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June 2011

Ninth Circuit Rules Unlicensed "Junior Accountants" May Be Exempt From Overtime

The Ninth Circuit Court of Appeals recently issued a ruling in a major wage-and-hour class action which could have a huge impact on overtime litigation.  In Campbell v. PricewaterhouseCoopers, two-thousand (2000) unlicensed junior accountants brought a California wage-and-hour class action against their employer, PricewaterhouseCoopers LLP (PwC) alleging claims of overtime, meal and rest break violations, and other penalties and attorneys fees.  Plaintiffs contended they were non-exempt employees and therefore were entitled to overtime.  PwC asserted that plaintiffs were exempt from overtime under the professional and administrative exemptions within California's Industrial Welfare Commission's ("IWC") 2001 Wage Order.
 
Under California Labor Code, employees are generally entitled to overtime pay for work in excess of 8 hours per day or 40 hours per week.  PwC argued that the class fell within the ambit of at least two of overtime exemptions (the professional and administrative exemptions). The District Court held that PwC could not exempt them from California's overtime requirement concluding that: (1) unlicensed accountants are categorically ineligible for the professional exemption because they are unlicensed, and (2) PwC had not established a triable fact issue on whether Plaintiffs would have fallen under either exemption.
 
On appeal, the Ninth Circuit reversed finding that the professional exemption's language did not categorically prohibit unlicensed accountants from falling under this exemption. The professional exemption reads as follows:

(3) Professional Exemption: A person employed in a professional  capacity means any employee who meets all of the following  requirements: 
        a) Who is licensed or certified by the State of California and
        is primarily engaged in the practice of one of the following
        recognized professions: law, medicine, dentistry, optometry,
        architecture, engineering, teaching, or accounting; or 
        b) Who is primarily engaged in an occupation commonly recognized
        as a learned or artistic profession.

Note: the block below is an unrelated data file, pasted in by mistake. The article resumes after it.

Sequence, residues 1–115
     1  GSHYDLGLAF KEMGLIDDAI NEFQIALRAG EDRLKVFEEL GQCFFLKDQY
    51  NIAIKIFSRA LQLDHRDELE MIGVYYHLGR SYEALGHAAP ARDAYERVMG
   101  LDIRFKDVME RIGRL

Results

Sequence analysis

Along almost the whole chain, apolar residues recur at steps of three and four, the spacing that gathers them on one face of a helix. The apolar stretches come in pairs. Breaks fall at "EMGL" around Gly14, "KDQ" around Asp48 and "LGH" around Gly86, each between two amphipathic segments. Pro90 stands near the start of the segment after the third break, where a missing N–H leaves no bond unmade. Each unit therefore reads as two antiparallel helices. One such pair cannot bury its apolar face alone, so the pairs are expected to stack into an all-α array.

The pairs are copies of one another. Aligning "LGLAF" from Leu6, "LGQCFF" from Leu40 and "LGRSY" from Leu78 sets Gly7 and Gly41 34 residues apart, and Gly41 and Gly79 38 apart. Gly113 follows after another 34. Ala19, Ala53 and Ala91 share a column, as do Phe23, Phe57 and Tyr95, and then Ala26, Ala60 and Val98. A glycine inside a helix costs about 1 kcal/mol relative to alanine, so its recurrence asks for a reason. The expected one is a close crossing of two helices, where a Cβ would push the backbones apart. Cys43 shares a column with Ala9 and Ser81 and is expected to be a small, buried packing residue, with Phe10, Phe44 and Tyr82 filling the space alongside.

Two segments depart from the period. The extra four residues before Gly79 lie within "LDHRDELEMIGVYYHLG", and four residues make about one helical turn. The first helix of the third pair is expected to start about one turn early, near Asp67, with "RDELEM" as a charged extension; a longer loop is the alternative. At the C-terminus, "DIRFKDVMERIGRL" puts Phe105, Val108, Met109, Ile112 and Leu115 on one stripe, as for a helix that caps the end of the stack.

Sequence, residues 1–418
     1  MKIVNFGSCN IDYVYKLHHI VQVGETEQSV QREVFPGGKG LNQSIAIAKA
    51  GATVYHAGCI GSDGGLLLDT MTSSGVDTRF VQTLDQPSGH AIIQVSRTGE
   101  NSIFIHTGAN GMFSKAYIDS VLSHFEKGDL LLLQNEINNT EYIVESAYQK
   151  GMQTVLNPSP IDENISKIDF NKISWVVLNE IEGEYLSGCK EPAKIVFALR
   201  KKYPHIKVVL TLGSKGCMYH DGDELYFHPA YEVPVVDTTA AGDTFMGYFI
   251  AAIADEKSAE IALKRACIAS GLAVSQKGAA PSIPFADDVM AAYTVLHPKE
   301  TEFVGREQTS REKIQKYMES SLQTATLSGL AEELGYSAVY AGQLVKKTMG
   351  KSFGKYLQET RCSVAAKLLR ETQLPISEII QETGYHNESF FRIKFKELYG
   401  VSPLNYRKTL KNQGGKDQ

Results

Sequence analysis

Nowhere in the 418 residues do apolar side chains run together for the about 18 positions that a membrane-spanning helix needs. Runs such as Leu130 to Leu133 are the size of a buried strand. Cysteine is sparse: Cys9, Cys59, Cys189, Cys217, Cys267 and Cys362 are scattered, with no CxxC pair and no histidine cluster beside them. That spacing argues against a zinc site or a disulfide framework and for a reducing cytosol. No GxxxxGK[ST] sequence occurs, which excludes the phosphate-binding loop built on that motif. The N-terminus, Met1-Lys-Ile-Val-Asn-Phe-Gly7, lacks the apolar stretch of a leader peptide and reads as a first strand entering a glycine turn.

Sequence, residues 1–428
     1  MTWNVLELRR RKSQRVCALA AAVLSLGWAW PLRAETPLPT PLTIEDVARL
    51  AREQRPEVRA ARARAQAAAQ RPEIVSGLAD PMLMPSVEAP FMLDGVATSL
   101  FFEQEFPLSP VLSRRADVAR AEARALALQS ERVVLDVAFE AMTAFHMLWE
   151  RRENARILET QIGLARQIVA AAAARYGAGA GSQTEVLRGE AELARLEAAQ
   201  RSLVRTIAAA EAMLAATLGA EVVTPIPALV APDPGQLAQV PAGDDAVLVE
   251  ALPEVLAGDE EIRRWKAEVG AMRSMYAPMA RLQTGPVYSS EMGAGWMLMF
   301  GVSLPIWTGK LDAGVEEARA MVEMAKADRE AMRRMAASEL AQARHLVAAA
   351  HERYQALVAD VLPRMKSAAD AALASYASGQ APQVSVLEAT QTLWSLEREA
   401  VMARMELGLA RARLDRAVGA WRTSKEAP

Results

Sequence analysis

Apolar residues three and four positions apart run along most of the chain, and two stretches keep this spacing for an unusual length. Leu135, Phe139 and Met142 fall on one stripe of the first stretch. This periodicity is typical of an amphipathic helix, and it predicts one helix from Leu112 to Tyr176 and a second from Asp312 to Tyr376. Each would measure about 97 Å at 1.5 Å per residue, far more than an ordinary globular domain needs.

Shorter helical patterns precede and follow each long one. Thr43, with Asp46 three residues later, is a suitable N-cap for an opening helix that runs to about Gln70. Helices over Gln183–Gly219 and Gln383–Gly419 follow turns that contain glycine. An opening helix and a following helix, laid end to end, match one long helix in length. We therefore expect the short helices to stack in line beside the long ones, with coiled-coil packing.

In ruling, the Ninth Circuit focused on the logistical issues that would ensue if the District Court's ruling were allowed to stand where thousands of "unlicensed employees" could sue for overtime violations who worked in professional disciplines.  The Ninth Circuit concluded that just because licensed accountants were specifically enumerated in subpart (a) of the exemption, this did not mean that accountants had to be licensed to be exempt or that unlicensed accountants were categorically unable to satisfy subpart (b) exempting employees in "learned or artistic" professions. 

Further, the Ninth Court held that in interpreting subpart (b), the "any employee" language requires an individual inquiry into whether each employee's job duties qualify as "learned" or "artistic" and therefore are exempt. Thus, though the statute lists accounting as a profession in subpart (a), an accountant can still be found to be exempt under subpart (b) since the application of subpart (b) depends on the employee's actual job duties, not the employee's job title or professional field.

To exempt an employee under the administrative exemption, an employer must establish five elements, including that the employee works "under only general supervision" while either: (1) performing work along specialized or technical  lines requiring special training, experience, or knowledge, or (2) executing special assignments and tasks.  The Ninth Circuit found that whether PwC's junior accountants met the administrative exemption was an "intensely factual" inquiry, and that it could not conclude, as a matter of law, that the plaintiffs did not work "under only general supervision" as required by the exemption. 

Given the lack of regulatory guidance on the definition of "general supervision," and the numerous factual disputes in the record related to the administrative exemption coupled with the findings related to subpart (b) of the professional exemption, the Ninth Circuit remanded the case. 

Going forward, employers have precedent to mount a vigorous defense against  overtime claims, as well as potentially meal and rest breaks claims, and other wage and hour claims brought by employees who may qualify under subpart (b) of the professional exemption or those under the administrative exemption, including potentially paralegals, unlicensed engineers, and insurance adjusters.

 

 

Class Action


Class Action
Employment Law
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